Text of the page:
JERUSALEM — Prime Minister Shimon Peres said today that President Reagan's visit to the Bitburg military cemetery was "a terrible error" and Israel's defense minister said the Jewish people will never forgive him.
But some politicians and newspapers accused the Israeli leadership of making a belated and muted response to Reagan's Sunday visit to the cemetery, where 49 Nazi Waffen SS troops are buried. Some even questioned whether the promise of a U.S. emergency grant of $1.5 billion had lessened the tone of the criticism.
Speaking before the Israeli Knesset, or Parliament, on the 40th anniversary of the Allied victory over Nazi Germany in World War II, Peres called Reagan "a true friend of the Jewish people and the state of Israel."
"It is precisely for this reason that we feel deep pain at the terrible error of his visit to Bitburg," Peres said.
Peres said neither time nor death can obliterate the difference between those who carried out killings, such as Adolf Hitler's Waffen SS troops, and their victims. The Waffen SS was the combat arm of the SS, the elite organization that provided the guards for Hitler's death camps.
'Abyss' Between Dead
"Gravestones haven't the power to obliterate the abyss that yawns between those who led to others' murder and those who were led," Peres said.
Jewish and veterans groups as well as many U.S. legislators had asked Reagan not to go to Bitburg during his state visit to West Germany. Reagan has also been criticized for saying German soldiers buried at Bitburg were "just as surely" victims of Nazism as concentration camp victims.
Defense Minister Yitzhak Rabin, dedicating a memorial sculpture to Jewish Holocaust victims at the Yad Vashem Holocaust memorial, said: "The historic mistake of President Reagan was in equating murderers with their victims.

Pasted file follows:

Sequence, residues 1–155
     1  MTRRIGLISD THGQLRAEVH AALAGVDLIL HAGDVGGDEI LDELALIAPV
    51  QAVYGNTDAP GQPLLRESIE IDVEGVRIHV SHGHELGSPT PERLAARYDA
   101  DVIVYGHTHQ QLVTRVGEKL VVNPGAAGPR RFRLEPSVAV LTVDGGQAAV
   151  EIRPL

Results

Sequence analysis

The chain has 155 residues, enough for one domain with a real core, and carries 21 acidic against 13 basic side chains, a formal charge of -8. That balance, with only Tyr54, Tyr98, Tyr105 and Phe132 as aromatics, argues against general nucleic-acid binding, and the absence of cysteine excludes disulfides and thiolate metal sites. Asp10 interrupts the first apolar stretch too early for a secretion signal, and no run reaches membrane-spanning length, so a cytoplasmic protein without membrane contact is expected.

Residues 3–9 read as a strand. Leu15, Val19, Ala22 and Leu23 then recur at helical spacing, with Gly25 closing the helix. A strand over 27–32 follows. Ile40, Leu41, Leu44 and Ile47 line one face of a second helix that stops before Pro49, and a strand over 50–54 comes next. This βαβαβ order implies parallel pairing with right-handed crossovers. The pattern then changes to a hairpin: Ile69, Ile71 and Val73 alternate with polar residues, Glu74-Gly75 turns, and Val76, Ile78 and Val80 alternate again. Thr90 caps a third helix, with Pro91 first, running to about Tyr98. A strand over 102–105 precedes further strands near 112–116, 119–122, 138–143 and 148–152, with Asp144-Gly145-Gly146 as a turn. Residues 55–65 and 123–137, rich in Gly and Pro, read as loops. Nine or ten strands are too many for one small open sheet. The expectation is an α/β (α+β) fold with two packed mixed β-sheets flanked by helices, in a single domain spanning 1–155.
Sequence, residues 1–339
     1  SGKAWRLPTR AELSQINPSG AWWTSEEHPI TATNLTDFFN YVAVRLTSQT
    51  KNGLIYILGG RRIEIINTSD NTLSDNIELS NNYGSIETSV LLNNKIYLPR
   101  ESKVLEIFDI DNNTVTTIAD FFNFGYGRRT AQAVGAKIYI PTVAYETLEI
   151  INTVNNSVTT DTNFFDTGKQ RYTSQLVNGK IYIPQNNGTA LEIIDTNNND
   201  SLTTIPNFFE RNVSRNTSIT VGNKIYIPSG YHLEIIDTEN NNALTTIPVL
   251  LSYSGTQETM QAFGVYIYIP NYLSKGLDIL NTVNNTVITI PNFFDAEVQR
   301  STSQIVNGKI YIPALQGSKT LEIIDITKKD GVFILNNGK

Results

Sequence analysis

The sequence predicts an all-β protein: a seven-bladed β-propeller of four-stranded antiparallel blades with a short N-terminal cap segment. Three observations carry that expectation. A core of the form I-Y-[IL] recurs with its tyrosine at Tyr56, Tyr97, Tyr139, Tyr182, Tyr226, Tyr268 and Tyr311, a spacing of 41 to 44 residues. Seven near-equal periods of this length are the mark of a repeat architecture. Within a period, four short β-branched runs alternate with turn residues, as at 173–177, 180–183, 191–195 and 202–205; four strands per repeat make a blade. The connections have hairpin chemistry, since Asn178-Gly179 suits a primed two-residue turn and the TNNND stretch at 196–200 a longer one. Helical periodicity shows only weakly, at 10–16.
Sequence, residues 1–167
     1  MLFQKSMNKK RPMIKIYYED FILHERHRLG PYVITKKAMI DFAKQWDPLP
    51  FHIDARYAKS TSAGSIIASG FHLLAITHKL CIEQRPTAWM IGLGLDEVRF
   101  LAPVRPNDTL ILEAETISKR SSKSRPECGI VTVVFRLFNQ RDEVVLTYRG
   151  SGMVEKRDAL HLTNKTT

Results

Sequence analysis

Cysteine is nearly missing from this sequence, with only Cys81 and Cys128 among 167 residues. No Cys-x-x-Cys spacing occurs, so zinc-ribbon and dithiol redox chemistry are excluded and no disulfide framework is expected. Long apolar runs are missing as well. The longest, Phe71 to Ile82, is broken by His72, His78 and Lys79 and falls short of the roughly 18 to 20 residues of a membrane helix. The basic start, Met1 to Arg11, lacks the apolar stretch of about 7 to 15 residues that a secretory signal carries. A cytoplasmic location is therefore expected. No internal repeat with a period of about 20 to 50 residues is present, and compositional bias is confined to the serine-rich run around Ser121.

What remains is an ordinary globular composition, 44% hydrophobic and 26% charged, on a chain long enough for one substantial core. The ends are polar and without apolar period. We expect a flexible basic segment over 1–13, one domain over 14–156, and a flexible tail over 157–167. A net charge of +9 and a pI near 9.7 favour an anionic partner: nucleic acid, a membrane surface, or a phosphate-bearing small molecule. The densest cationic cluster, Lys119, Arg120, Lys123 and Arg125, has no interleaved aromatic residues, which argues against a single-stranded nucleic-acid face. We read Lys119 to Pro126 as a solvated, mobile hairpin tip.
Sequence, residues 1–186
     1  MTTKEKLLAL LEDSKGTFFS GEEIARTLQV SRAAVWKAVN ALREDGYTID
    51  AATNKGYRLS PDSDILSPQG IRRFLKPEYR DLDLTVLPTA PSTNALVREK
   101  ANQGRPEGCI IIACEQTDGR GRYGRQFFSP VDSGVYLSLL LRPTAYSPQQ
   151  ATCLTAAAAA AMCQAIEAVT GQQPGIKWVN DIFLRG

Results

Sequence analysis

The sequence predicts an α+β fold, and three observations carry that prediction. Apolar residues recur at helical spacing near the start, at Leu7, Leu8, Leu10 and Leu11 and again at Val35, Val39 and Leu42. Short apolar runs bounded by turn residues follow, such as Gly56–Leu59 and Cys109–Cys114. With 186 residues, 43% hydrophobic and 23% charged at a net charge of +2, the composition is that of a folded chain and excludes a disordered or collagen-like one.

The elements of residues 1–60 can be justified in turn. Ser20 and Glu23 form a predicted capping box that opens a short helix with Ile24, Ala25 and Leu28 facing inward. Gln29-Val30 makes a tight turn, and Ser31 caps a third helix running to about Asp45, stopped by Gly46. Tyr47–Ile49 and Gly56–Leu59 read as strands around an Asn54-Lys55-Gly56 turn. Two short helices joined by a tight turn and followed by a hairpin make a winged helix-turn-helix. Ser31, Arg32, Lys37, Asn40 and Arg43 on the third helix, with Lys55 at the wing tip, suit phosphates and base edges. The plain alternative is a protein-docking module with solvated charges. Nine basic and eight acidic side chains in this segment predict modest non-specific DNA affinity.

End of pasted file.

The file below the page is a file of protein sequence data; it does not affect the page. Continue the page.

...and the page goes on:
"For this he will not be forgiven either by enlightened humanity or the Jewish people."
But Trade Minister Ariel Sharon said the government had "stuttered" in its response to Reagan's visit.
Different Response From Begin
Had hard-liner Menachem Begin been Israel's prime minister, Sharon said, "he would have spoken to the Americans firmly and clearly on this matter.
"Here people are bending over, retreating, God forbid, not to upset the non-Jews. They don't know how to stand up to the Gentiles," Sharon added.
Begin, who has been in virtual seclusion since resigning as prime minister in September, 1983, said in an interview with Israel radio that "the Jewish people went through a very sad day" Sunday.
The independent newspaper Maariv connected the timing of the Israeli response with the notification by the Reagan Administration that it will ask for $1.5 billion in emergency aid for Israel.
The suspicion arises, Maariv said, "that we were partners to a deal to rehabilitate the monsters of the SS with no more than a polite Israeli complaint--in exchange for a billion and a half."